There really is something special about seeing your work in print. Much more of this to come.
My zine site is now live - this will be a living, breathing collection. As I shoot a new project or finish a roll of film that captured a certain subject or theme, I will lay them out into this zine format and have them printed.
They’re short, sweet, and a really cool way to digest photography work - yours for only 5 bucks.
Don’t we all spend too much time staring at a screen anyway?
[White Mountains, New Hampshire]
There is no tired to wipe from my eyes, the anticipation already had taken care of that.
“We leave at 2:30 sharp,” were the first words I heard.
That’s all that really needed to be said. Quiet and focused, we made last minute fear adjustments to our packs and laced up our shoes.
For 3 hours we hiked in single file, using our headlamps to illuminate the trail and feet of whoever was in front of us. After hiking, scrambling, jumping, and climbing - we had reached the tree line.
Here a sign was posted, informing us of the potential dangers that lie ahead in the alpine zone. This mountain range is considered to have the most dangerous conditions in the country - with hypothermia being common even in mid August. This area also boasts a world record, the highest velocity wind speed ever recorded on earth: 231mph.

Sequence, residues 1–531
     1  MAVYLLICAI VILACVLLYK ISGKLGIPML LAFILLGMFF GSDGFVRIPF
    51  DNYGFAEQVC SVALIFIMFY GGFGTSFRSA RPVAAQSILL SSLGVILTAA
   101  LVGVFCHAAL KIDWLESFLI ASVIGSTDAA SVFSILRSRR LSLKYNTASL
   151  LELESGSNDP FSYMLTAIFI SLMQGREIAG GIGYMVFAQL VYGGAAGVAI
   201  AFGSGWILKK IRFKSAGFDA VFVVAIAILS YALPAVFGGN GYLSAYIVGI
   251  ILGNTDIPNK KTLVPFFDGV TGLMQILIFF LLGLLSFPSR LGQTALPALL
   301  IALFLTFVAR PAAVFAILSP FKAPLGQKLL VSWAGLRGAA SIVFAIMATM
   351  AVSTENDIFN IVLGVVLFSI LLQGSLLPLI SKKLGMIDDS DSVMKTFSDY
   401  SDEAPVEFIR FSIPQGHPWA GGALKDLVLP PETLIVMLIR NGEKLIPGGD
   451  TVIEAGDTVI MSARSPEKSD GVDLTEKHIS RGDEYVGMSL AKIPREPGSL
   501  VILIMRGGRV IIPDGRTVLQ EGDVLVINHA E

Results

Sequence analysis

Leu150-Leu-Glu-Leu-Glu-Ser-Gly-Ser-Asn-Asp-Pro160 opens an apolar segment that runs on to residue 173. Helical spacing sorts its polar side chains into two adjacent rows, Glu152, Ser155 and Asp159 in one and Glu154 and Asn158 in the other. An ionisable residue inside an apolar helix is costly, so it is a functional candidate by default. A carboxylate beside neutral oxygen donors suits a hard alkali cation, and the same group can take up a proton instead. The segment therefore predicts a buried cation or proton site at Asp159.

Fortunately for us, the weather forecast was good, with 60mph sustained winds and a 15° windchill.
We were in luck.
Layers were added - beanies, gloves, puffy jackets - and we took the final few steps out of the protection of tree line and into the elements.
It felt like walking out of a dark tunnel on the surface of the moon. All at once, the sky above opened up with billions of stars, drifting and glowing like distant ships in the vast sea of space. The earth beneath us became more and more rocky, and we stepped from boulder to boulder, doing our best impersonation of the Apollo missions.
The stars seemed to beckon us higher and higher. The wind continued to pick up, raging against our climb as it feuded with the starry night. The horizon to our east has started to show some light, the time was near.
30 minutes later, we had reached the peak of Mt. Madison. Here we tucked behind a rocky outcropping and watched the sun finally make her grand entrance over the horizon. Sunlight began to bathe the surrounding mountains in her warm light. We watched Mt. Washington roar to life to our west.
Packs were shouldered, and we left the protection of the rocks and entered the wind’s freezing embrace once again.
We continued on, with chapped lips and excited eyes.
Mt. Adams loomed ahead.